The New Bedford 2018 Point-In-Time Count will take place this coming Wednesday, January 24, and run for 24 hours, as volunteers take a count of the sheltered and unsheltered homeless living in New Bedford.

On Monday, WBSM's Phil Paleologos welcomed Joseph Maia, Grants Compliance Coordinator for the City of New Bedford's Department of Planning, Housing and Community Development; Amy Rapoza, Program Supervisor at the New Bedford Women's Program; and Danielle Brown, Project Coordinator at Welcome Home.

Maia said the Point-In-Time count, which begins at 2 p.m. Wednesday and runs until 2 p.m. Thursday, is an important factor in determining how to best help the homeless.

"We do this count to understand the demographics: how the population is changing, what their needs are," he said. "With this information, we can better tarilor our programs and services."

He also noted that if New Bedford does not perform the count, the City cannot apply for certain federal programs.

Volunteers will spread out through the city and, utilizing a mobile app, will conduct a census of the homeless. The count not only includes those living on the streets or outdoors, but also those who are sheltered in programs but have no permanent home.

"Those are people who are in programs like Stepping Stone, PAACA, Catholic Social Services," he said. "That's the vast majority of the homeless."

There will also be a "command center" for the volunteers at PAACA's headquarters at 360 Coggeshall Street during the count. The homeless are also invited to come to PAACA to take part in the survey, and to receive a hot meal.

Any homeless person who completes a PIT survey will also receive a backpack with donated items such as socks, hats, gloves, toiletries, gift cards and more. The volunteers also provide information to the homeless about how they can receive further help.

"We bring 'street sheets' with us that list all the resources," Brown said. "I like to spend a little extra time. It's not just about a count, (it's about) spending a little bit of time with the homeless and getting to know them, telling them the resourhces and offering them services at that point."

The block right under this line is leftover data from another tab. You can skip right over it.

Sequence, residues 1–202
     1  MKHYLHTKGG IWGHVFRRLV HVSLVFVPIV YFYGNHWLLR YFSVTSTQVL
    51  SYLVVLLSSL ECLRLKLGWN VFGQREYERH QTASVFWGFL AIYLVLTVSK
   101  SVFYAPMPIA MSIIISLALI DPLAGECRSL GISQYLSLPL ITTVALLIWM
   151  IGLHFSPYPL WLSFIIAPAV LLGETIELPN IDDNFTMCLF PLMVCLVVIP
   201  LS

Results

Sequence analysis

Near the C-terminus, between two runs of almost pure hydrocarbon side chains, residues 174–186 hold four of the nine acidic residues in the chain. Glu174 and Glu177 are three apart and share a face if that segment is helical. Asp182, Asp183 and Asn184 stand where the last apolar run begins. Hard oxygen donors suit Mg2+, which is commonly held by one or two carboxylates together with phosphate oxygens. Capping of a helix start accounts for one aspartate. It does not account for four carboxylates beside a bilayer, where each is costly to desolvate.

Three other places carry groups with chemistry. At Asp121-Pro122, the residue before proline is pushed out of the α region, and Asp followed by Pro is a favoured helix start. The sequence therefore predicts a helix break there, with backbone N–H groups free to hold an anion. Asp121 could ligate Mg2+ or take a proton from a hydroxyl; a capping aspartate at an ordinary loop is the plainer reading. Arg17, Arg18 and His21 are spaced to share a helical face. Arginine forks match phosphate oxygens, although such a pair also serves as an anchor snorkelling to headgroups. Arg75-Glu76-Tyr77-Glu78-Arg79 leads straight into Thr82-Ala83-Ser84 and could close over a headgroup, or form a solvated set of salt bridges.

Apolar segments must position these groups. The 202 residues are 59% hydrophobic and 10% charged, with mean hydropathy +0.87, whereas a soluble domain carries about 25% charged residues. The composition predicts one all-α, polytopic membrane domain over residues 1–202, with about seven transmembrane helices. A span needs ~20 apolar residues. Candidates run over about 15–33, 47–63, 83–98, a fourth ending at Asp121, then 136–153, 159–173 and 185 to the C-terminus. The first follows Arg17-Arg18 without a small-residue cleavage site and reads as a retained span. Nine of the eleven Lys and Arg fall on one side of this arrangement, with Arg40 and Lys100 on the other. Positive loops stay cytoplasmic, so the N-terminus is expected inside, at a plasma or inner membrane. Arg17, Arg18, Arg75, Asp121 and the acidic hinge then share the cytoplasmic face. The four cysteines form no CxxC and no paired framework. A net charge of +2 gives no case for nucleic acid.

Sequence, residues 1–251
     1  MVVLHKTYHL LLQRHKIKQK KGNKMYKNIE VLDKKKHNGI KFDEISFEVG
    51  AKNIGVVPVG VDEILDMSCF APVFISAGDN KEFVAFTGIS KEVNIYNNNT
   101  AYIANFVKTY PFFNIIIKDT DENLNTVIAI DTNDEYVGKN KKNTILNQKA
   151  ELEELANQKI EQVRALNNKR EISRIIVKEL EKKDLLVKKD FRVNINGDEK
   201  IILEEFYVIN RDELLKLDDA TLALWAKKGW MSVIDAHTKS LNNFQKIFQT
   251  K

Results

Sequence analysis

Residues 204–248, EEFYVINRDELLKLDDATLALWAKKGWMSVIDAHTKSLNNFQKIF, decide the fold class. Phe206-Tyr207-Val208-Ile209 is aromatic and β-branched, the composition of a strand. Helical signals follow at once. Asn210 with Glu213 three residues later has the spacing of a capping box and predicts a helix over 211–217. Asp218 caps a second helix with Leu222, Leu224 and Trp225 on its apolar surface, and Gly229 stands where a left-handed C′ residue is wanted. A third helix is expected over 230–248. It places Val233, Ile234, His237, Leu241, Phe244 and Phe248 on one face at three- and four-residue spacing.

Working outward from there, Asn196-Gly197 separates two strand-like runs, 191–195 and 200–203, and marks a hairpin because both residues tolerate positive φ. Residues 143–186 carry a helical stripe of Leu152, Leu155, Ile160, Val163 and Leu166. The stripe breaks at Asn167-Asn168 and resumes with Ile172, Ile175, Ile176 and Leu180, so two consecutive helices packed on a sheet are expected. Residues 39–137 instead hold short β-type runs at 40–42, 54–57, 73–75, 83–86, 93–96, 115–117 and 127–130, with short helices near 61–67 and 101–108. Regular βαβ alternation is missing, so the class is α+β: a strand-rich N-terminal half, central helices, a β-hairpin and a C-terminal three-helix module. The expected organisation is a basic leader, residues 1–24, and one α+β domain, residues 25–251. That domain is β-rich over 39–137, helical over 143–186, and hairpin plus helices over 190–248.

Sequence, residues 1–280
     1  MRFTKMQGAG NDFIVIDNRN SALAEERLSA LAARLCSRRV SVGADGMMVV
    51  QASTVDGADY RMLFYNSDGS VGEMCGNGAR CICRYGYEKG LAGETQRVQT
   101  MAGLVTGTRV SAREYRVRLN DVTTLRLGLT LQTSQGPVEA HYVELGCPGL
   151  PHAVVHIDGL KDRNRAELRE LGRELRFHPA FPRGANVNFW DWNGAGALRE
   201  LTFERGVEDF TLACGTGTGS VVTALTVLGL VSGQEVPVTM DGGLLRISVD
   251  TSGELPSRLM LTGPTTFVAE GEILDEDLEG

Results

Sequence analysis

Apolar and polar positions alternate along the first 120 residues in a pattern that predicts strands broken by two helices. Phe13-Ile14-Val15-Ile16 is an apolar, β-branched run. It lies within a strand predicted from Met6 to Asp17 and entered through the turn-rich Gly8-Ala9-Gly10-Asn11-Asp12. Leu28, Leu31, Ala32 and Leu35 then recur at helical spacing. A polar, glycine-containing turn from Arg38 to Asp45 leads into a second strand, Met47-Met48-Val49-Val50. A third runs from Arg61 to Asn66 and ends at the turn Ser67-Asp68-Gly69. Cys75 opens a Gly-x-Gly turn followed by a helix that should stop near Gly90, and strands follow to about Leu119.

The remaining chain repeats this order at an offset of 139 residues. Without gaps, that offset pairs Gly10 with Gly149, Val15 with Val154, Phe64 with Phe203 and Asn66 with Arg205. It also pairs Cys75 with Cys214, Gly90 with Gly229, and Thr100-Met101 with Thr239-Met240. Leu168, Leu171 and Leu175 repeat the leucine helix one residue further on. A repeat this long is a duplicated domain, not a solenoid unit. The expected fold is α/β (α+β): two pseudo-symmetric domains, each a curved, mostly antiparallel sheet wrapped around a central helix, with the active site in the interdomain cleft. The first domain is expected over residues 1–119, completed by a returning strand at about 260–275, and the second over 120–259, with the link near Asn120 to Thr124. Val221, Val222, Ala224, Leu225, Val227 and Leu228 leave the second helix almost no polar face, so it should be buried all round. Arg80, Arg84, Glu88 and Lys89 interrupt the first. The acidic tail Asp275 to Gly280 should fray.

Maia said the face of homelessness has changed in recent years.

"It's really not just about that person that's in the cardboard box, the stereotypical person," Maia said, noting that mental health and substance abuse are big factors contributing to homelessness. "We're not seeing those typical folks out there. We're seeing families, and a lot of families are becoming homeless. The housing crisis has really changed the whole dynamics of what we're seeing, and how we're actually addressing it. It's morphing and it's changing, and it's affecting every household."

"Substance abuse plays a big part in homelessness," Rapoza said. "Sometimes, even when they're not using drugs or alcohol, it's just difficult to find the resources to get back on your feet."

Brown, who is a recovering addict and said both herself and family members have dealt with bouts of homelessness in the past, pointed out how quickly a person can find themselves on the streets.

"I believe we're all just one paycheck away from being homeless," she said. "It can happen to anyone."

"Beyond just this count, the goal is to try to keep this conversation and this dialogue going," Maia said. "It's not just once a year. It's really something that happens throughout the course of the year."

Anyone wishing to donate gift items can contact Jamie Casey of PAACA at or (508) 997-9051. To volunteer for the PIT count, contact Danielle Brown of Welcome Home at or (508) 984-7514.

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